P.S. If you need additional info. from me on the oscilloscope, please let me know.


I’m not an embedded developer.

More and more, I’m not sure I’m on the right track.

First, I realized that it’s probably not possible to simply change the values of period, duty_cycle, and enable.

Second, there is too little information about EHRPWM. I have no idea what to do.

I want to make the 0 and 1 codes 1.25us apart, blowing up just one set of 24 bits. :sob: :sob:

But it’s harder than just swapping duty_cycle and enable.
In Python or C++, generating 0 code and 1 code once produces multiple waveforms.

I need to clear my head and move on to other things.


Changing the duty_cycle produces 19 waveforms.
(duty_cycle 800 > change duty_cycle 400)
make 24us delay.

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Hello…you can change them to suit your needs. In source, it is a bit more complicated. You can always try a shell script too (bash).

Just for reference, my photos were the result of using the command line commands: echo 1 > enable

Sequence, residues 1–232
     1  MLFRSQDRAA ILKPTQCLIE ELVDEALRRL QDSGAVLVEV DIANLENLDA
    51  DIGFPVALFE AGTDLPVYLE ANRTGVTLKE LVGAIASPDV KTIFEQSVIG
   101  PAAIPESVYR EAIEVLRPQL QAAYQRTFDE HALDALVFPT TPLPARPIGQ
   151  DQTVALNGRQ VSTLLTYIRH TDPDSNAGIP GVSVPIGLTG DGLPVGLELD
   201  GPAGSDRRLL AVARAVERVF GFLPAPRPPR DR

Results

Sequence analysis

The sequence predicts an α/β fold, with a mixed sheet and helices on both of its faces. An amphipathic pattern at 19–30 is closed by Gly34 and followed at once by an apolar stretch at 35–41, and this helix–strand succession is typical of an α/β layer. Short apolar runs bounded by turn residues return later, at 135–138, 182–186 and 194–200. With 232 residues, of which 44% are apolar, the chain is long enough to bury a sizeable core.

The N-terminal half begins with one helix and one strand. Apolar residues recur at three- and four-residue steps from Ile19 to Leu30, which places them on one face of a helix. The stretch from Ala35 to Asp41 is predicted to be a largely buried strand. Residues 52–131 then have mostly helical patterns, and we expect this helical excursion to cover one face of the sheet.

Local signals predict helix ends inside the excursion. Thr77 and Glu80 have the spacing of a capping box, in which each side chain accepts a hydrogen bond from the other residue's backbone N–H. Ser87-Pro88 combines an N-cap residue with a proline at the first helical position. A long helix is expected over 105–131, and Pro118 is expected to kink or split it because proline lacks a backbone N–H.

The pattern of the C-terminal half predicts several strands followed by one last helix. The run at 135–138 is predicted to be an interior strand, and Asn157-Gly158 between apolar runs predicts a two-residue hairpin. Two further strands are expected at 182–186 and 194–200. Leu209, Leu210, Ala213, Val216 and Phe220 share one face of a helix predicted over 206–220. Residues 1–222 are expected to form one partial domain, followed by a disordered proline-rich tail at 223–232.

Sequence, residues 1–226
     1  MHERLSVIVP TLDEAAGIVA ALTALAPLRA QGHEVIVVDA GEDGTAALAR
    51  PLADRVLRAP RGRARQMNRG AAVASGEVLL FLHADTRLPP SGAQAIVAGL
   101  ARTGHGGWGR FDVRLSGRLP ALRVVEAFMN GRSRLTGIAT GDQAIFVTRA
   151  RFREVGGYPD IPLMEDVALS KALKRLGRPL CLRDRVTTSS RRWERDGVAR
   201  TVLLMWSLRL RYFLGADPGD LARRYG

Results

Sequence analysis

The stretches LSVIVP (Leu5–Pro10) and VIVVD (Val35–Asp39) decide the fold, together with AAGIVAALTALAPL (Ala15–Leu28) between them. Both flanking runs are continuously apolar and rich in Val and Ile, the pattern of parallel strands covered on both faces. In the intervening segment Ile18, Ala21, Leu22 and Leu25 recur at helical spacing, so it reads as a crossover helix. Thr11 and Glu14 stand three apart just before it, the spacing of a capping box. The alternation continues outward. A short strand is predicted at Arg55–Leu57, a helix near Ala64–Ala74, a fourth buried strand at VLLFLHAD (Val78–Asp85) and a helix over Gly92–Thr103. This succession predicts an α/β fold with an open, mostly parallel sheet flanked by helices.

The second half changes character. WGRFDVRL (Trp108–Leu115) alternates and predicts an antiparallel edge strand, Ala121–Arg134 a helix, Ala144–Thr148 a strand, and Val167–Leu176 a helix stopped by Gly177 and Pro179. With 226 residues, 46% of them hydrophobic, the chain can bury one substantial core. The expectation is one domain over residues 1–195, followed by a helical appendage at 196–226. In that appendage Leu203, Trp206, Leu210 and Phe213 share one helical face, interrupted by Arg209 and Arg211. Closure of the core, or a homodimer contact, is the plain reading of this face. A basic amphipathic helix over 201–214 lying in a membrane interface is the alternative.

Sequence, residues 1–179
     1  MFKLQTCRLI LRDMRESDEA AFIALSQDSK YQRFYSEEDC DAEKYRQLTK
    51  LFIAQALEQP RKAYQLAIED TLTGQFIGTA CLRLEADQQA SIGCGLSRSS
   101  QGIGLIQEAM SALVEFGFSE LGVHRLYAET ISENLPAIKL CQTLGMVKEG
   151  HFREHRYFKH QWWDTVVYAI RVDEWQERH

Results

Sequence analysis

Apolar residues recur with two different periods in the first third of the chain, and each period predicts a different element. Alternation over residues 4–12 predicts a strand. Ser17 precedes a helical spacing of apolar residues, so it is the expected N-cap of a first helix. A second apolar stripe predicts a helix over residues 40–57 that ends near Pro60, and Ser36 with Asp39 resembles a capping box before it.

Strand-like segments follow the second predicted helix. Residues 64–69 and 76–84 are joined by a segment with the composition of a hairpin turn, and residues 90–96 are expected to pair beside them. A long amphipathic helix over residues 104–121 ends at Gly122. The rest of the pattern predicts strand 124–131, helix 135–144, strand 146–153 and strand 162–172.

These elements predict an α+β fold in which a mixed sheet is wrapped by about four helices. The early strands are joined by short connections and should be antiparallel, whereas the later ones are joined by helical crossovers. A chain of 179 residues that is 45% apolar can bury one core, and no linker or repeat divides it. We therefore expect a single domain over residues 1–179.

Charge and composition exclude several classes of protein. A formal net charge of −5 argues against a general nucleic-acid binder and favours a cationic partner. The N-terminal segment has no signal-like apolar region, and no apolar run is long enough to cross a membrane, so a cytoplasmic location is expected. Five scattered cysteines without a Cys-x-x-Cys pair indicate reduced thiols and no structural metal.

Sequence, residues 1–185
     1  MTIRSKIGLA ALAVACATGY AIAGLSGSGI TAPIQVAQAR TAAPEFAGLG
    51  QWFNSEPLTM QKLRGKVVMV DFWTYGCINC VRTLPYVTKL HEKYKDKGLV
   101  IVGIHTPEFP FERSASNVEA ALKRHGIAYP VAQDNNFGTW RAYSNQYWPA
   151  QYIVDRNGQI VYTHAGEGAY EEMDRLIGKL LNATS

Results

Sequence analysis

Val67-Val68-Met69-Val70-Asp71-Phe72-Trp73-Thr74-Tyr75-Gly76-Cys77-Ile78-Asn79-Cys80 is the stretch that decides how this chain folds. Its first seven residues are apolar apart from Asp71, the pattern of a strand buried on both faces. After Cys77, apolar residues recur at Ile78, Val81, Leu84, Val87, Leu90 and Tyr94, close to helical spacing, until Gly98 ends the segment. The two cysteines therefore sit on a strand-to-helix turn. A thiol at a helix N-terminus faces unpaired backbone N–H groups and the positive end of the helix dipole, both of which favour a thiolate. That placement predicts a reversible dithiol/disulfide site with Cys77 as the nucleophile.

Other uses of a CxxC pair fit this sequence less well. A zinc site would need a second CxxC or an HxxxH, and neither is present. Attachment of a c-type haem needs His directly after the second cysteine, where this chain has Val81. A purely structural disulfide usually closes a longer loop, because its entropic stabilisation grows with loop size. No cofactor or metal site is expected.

When you say 0 and 1, I am assuming you mean on and off. GPIO is good for this idea. It is either 0 or 1 and can help you w/ ease.

For instance…

timing the GPIO to on and then timing it to off may prove valuable.

There is a built-in called time. You can use the sleep function in the built-in time.

i.e. from time import sleep as s

So, you can sleep instead of just on/off the GPIO to 1/0.


P.S. For LEDs on and off is easy w/ Python3 and sleep from time, i.e. GPIO wise here.

W/ PWM, one can sleep again w/ time in Python3 or usleep in C w/ microseconds.



while true; do
  echo 400 > "${pwm_path}duty_cycle"
  echo 800 > "${pwm_path}duty_cycle"

I created a bash script to alternate the duty cycle between 400 and 800.
Instead of generating and changing one waveform, we generate and change 43 waveforms.

delay 44us

Ps. 24us delay on C++ / 44us delay on bash script / 41us delay on python while

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You are getting somewhere…

So, if anything, are there any ideas outside of what you know that I can be of service to currently?

I mean…

How can I help?


P.S. Optimization?

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As I said above, I want to make 24 bits of 0 code, 1 code with 1.25us period (800khz), and when I make one set of 24, I want to send it to PWM.
(If I make 24 bits, I will have 24 waveforms).

I was wondering if there is any other way to do this besides changing the duty_cycle to echo.
For example, DMA?

I’m very grateful for the help. @silver2row